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Two types of financial advisors

Posted: April 20th, 2018 | Featured, Mission Valley Money | No Comments

By Steve Doster | Mission Valley Money

Imagine having a friend you could turn to whenever you had a financial question. Think about how amazing that would be. Not sure how much of a house you can afford? Call your financial friend to walk you through the numbers. Don’t know which investments to choose in your 401(k)? No problem, you have someone to answer that question.

All of us make financial decisions every week. Most often, we do it alone or we ask unqualified individuals to help answer our questions. How comforting would it be to pick up the phone, ask a question, and get an answer that is not only correct, but in your best interest.

Unfortunately, this is rare in the United States. The current regulation structure allows financial advisors to sell insurance and investment products that are not in your best interest.

There are a small group of advisors that follow a fiduciary standard. This simply means that an advisor must provide recommendations that are in the clients’ best interest. There is also a much larger group of financial advisors who are not required to put their clients’ best interest first. They operate under something called the “suitability standard.”

It’s common knowledge that there’s a looming financial crisis of Americans not saving enough for retirement. People have been taught very little about personal finance throughout their lives. If these individuals reach out to a financial advisor that falls under the “suitability standard,” they are likely to be sold expensive products that are not in their best interest.

For example, let’s say there’s an advisor who has two mutual funds he could recommend to you. The first mutual fund has low annual fees and good investment performance. The second fund has high annual fees and poor investment performance, and it pays a hefty commission to the advisor. The advisor, under the “suitability standard,” recommends the expensive, poor performing mutual fund because he wants to earn a big commission; however, it’s not in your best interest to invest in this fund.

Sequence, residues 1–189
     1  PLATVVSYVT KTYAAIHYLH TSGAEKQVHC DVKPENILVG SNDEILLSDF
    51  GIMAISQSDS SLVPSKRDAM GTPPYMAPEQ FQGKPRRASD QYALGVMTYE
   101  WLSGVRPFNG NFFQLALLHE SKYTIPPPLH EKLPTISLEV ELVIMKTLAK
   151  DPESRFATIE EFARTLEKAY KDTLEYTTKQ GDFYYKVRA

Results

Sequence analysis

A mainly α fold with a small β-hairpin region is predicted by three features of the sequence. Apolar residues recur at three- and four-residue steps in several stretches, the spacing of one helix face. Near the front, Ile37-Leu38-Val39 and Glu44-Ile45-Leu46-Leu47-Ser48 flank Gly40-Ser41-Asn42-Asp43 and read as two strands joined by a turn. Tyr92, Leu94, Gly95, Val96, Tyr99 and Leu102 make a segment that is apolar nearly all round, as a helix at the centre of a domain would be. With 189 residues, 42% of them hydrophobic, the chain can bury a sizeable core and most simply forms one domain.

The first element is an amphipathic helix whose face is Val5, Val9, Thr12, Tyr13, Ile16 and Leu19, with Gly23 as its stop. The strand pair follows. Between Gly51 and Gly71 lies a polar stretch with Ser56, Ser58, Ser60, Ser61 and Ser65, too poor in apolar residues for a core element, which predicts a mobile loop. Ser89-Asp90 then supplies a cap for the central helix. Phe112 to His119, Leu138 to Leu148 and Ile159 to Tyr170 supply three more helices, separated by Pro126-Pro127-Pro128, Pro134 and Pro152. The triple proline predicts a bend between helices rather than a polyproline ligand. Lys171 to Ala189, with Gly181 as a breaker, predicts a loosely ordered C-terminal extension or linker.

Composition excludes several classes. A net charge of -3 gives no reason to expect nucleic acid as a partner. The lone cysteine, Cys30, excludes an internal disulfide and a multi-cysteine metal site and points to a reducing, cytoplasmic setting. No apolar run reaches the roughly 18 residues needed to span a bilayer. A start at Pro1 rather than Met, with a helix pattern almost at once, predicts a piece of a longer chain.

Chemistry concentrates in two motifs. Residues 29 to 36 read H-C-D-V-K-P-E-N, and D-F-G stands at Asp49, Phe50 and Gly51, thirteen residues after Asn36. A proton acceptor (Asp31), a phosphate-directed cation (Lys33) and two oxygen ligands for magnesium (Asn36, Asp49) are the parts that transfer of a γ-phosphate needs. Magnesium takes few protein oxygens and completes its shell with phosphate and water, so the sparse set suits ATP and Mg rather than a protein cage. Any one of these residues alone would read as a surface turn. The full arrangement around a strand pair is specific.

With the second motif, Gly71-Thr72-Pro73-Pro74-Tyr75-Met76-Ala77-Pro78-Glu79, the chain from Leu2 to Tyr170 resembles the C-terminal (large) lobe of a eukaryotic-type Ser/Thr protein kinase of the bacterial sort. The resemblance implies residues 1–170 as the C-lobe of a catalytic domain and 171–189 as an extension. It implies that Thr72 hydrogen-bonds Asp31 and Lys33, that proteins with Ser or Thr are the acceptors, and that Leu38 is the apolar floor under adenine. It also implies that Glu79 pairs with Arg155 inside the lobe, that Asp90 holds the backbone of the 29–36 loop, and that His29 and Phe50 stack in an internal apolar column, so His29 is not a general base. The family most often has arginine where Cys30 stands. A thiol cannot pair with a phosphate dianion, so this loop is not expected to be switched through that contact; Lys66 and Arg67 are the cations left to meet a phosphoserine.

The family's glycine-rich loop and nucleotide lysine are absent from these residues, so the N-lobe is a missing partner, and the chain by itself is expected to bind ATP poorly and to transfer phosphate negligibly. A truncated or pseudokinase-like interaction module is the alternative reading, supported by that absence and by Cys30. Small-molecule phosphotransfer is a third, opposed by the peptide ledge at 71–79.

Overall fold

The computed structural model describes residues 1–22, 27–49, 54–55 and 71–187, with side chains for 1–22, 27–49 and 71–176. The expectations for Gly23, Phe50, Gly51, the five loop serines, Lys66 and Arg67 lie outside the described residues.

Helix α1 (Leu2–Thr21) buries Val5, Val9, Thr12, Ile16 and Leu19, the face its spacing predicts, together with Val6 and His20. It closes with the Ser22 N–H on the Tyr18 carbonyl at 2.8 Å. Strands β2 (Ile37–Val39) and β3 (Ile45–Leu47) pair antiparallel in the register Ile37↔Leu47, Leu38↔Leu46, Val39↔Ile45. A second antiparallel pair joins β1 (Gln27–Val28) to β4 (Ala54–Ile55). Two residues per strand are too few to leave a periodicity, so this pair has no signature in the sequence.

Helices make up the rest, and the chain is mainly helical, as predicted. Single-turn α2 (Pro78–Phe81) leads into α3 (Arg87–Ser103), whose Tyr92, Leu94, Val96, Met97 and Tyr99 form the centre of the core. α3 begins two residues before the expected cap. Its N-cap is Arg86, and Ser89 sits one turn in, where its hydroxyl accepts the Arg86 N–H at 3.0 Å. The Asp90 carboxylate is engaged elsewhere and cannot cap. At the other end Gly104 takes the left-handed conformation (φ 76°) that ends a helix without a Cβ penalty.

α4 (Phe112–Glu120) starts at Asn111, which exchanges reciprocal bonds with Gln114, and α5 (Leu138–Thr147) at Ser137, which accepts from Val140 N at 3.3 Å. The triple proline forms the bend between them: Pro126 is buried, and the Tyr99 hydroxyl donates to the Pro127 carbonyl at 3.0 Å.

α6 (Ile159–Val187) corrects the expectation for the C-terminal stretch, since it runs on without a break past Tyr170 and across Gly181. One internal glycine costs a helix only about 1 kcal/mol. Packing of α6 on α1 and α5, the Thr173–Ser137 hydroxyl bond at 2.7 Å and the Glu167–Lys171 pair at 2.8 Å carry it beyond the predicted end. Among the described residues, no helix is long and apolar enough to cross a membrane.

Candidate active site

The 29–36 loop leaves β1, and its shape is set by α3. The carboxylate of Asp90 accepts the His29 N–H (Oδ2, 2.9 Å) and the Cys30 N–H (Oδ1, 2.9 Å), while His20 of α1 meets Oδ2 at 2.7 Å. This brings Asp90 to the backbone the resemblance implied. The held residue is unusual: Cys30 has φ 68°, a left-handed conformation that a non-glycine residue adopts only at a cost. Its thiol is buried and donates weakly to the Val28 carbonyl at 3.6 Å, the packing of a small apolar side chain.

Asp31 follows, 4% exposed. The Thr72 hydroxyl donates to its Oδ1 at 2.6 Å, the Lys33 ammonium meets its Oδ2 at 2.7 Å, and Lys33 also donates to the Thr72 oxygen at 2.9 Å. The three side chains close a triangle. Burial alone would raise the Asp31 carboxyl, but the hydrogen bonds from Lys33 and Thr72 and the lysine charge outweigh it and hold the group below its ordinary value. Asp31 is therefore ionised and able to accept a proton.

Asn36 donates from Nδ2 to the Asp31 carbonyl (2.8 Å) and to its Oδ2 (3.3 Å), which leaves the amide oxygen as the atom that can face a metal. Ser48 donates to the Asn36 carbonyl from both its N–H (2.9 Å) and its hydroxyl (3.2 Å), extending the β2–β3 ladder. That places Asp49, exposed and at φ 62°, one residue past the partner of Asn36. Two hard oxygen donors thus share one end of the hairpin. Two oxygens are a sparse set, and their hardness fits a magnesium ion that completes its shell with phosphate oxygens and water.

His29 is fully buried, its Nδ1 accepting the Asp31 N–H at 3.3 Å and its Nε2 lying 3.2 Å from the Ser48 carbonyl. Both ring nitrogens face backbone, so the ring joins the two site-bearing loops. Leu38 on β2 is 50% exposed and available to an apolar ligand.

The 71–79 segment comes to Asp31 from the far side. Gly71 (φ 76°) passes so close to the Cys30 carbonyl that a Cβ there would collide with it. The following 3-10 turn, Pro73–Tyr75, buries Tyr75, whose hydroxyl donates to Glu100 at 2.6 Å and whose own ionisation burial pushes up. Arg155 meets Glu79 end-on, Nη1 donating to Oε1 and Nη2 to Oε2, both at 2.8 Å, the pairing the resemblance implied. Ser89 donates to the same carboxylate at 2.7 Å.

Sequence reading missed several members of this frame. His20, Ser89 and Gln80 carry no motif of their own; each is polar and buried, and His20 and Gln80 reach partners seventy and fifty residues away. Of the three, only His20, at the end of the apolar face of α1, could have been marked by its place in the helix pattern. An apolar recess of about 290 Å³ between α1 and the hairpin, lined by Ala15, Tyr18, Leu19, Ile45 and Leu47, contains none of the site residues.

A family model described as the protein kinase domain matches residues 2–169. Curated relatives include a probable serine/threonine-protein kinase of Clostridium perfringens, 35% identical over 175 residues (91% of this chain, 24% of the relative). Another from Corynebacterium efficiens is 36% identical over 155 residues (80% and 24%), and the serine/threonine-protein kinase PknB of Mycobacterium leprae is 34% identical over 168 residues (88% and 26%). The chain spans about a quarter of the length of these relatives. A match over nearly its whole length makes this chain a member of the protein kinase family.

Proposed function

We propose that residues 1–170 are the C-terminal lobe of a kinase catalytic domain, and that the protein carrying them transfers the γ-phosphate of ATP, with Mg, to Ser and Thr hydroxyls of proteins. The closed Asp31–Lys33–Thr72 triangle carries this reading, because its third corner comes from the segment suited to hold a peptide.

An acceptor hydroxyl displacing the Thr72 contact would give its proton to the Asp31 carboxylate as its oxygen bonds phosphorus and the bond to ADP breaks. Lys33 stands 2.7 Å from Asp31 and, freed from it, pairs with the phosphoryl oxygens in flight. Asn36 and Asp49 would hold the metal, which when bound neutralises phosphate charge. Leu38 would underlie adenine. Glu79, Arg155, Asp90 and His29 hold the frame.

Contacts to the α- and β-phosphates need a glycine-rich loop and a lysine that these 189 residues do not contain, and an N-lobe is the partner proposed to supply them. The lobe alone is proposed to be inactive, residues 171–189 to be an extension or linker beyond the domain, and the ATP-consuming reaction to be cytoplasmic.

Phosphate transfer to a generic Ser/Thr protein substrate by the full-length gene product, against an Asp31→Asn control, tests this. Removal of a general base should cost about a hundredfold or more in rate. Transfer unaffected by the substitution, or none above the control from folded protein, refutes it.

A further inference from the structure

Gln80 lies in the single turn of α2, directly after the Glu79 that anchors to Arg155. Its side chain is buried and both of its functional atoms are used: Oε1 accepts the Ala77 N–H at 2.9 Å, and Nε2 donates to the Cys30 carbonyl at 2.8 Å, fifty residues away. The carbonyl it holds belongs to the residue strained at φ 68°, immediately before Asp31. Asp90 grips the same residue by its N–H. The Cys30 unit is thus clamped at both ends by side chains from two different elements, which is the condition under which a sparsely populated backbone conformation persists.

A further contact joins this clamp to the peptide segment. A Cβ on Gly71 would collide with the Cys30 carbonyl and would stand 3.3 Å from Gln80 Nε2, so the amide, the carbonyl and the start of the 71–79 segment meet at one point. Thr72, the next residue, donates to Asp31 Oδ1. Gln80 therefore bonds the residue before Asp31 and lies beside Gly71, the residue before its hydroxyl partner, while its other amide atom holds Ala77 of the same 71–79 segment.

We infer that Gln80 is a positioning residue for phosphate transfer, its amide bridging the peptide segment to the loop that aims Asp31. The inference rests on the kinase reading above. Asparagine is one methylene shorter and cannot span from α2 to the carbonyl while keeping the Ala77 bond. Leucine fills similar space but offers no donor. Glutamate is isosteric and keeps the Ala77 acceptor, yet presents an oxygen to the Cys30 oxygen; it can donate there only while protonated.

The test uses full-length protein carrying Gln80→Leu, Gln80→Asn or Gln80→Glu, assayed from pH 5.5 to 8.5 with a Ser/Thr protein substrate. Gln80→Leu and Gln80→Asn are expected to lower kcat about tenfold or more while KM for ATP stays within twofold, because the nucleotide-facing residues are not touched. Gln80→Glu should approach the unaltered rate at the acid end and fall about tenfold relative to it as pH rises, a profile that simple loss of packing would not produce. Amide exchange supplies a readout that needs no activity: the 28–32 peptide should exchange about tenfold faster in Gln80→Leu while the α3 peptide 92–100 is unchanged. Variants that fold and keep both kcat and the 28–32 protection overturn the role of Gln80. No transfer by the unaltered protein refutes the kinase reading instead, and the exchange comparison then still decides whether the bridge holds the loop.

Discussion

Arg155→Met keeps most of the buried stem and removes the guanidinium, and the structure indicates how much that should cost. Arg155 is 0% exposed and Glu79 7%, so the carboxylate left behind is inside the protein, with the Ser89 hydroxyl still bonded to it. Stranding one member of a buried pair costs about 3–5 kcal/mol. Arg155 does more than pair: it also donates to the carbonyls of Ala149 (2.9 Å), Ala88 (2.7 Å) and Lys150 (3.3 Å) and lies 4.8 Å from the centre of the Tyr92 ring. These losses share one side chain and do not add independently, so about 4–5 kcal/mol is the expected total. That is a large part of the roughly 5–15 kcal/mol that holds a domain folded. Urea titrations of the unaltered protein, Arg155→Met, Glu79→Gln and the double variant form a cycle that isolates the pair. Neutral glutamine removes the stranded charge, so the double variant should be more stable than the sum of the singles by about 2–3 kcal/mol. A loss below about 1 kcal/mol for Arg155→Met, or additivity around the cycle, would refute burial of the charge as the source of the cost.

Large financial firms argue that a fiduciary standard hurts low- and middle-income investors. They argue that the suitability model allows them to help lower income people that can’t afford fiduciary financial advice.

This is a ridiculous argument. Variable annuities are just one type of product that some financial advisors sell to clients. These expensive financial products have commissions that range between 7 to 10 percent. It’s estimated that $95.6 billion of variable annuities were sold in the United States during 2017. That means investors paid somewhere in the range of $7 billion to $10 billion in commissions to big financial firms and their advisors. That’s hard-earned money people need for retirement.

When you are reaching out for financial advice, it’s important to know there are two types of financial advisors — fiduciary and non-fiduciary. The first question to ask your advisor is if they operate under the fiduciary standard. If they say yes, ask for it in writing. If they say no, then don’t work with them. It’s in your best interest not to!

— Steve Doster, CFP is the financial planning manager at Rowling & Associates – a fee-only wealth management firm in Mission Valley helping individuals create a worry-free financial life. They help people with taxes, investments, and retirement planning. Read more articles at rowling.com/blog.

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